India launches mission to Sun: What happens next after Aditya-L1 liftoff


As India’s Aditya-L1 blasts off to the Sun on Saturday morning, experts are now gearing up for the big mission ahead: To study the largest object in our solar system. This mission will be the first to probe into the Corona, the innermost part of the Sun.

Moments before the launch, experts explained key details about the historic expedition and what happens next after liftoff.

After the launch, Aditya-L1 begins a four-month journey to its “parking spot” near the Sun. It will be travelling a total distance of 1.5 million km from Earth.

Among the mission’s major objectives is to study the following:

  • Physics of solar corona and its heating mechanism
  • Solar wind acceleration
  • Coupling and dynamics of the solar atmosphere
  • Solar wind distribution and temperature anisotropy,
  • Origin of Coronal Mass Ejections (CME) and flares
  • Near-earth space weather

The Aditya-L1 mission holds the promise of significantly advancing our understanding of the Sun’s behaviour and its interactions with Earth and the space environment.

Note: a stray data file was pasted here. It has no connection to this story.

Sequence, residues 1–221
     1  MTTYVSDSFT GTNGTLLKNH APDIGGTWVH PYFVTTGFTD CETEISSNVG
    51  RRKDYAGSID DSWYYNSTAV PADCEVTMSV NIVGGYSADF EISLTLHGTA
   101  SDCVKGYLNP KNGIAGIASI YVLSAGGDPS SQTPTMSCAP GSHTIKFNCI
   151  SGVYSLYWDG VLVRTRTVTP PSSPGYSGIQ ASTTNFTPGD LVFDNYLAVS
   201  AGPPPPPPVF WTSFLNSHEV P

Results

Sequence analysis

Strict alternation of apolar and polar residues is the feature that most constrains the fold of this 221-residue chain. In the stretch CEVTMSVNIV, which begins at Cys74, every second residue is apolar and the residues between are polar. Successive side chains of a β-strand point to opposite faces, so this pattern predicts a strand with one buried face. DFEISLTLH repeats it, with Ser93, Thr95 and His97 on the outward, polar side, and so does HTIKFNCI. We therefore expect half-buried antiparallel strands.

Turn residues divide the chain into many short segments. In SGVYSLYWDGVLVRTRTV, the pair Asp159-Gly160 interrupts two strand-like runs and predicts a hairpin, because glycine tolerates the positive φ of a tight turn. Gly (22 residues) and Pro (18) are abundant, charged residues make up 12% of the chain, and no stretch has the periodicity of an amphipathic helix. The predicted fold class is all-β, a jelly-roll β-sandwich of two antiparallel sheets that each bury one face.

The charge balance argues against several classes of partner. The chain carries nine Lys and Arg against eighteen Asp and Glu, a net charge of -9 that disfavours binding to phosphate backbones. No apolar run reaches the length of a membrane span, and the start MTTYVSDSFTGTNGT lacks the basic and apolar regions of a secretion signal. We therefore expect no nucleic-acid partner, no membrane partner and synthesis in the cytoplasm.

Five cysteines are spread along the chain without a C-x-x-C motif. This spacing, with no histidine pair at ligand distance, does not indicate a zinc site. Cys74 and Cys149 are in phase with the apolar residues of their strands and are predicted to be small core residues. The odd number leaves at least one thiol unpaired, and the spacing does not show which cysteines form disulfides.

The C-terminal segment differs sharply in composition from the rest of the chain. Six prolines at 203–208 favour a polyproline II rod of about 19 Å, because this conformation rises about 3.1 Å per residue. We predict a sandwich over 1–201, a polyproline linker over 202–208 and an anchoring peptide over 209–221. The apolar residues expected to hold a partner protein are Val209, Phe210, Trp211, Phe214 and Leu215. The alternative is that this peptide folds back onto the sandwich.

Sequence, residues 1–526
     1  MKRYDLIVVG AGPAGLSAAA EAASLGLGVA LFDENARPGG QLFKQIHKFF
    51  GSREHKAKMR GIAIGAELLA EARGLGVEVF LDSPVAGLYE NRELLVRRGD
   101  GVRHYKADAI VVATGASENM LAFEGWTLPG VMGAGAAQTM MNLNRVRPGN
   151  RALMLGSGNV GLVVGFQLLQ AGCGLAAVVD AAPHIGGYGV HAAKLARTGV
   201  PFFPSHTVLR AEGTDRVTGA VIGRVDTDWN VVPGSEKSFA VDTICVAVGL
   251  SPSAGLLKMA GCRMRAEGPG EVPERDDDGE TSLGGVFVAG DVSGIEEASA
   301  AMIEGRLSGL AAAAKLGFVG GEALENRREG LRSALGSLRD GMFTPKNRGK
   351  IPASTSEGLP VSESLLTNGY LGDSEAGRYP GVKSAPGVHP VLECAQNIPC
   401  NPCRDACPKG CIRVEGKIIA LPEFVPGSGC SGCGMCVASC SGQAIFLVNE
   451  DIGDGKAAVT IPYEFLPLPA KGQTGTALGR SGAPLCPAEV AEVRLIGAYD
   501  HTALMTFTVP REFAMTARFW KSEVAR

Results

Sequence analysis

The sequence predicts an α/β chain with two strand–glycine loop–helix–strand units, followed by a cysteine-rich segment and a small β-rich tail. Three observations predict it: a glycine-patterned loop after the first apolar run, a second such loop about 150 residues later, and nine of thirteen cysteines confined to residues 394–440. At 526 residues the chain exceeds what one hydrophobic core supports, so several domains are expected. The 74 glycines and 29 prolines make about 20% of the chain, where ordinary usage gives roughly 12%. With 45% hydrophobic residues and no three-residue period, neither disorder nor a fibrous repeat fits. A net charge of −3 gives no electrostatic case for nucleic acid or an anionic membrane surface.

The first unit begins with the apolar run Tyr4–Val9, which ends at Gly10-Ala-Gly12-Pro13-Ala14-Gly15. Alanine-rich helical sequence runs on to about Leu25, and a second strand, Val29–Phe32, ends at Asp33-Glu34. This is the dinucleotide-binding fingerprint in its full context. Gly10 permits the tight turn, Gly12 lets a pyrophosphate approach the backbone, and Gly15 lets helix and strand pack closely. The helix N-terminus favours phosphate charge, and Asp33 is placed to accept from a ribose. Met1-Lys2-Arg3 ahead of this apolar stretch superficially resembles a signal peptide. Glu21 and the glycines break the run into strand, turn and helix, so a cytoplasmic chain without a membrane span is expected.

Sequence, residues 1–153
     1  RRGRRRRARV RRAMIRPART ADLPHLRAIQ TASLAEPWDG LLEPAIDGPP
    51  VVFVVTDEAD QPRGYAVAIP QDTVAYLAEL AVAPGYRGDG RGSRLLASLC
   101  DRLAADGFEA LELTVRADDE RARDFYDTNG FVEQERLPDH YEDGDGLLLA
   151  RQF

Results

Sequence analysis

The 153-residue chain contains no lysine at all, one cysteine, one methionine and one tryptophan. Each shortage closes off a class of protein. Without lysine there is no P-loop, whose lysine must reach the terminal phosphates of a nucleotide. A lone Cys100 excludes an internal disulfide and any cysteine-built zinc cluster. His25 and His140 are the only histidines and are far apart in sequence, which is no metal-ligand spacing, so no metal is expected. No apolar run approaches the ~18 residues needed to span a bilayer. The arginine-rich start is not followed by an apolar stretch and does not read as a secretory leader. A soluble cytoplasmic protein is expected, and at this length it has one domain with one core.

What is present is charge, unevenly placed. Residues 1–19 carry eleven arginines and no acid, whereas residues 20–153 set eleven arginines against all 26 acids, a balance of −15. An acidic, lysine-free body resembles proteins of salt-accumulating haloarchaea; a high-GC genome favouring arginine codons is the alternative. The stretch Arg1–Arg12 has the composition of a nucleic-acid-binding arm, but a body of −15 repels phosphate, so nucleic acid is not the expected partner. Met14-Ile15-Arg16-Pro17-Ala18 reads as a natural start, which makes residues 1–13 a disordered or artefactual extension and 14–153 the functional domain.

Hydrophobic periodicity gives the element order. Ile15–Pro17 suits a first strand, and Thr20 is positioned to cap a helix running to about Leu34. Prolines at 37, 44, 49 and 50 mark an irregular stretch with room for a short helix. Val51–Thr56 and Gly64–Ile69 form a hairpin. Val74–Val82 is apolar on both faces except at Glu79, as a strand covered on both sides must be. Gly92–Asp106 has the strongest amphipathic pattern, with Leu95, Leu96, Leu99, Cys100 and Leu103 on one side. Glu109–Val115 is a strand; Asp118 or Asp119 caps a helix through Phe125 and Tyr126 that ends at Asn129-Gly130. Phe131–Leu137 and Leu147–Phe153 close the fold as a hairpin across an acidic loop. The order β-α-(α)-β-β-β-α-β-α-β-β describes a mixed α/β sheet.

Annapurni Subramaniam, director of Indian Institute of Astrophysics, said a an instrument — called Visible Line Emission Coronagraph (VELC) — was placed on board the launch vehicle carrying Aditya-L1. This, she said, will provide an “unobstructed view of the Sun”.

“It will observe the Sun in the state of an eclipse all the time. This will be the first mission, which will take a close look at the innermost part of the Sun, the Corona,” Subramaniam said.

The spacecraft will be placed in a halo orbit around the Lagrange point 1 (L1) of the Sun-Earth system, allowing continuous viewing of the sun without any eclipses or obstructions.

Mayank N Vahia, a retired professor from Tata Institute of Fundamental Research, told ANI that the last solar mission that went to the L1 point was launched five years before Aditya-L1.

“The mission will observe the Sun simultaneously in optical, UV, and X-rays,” he added.

The launch vehicle carries seven different payloads, which will conduct a detailed study of the Sun. Four will observe the light from the Sun while the other three will measure in-situ parameters of the plasma and magnetic fields.


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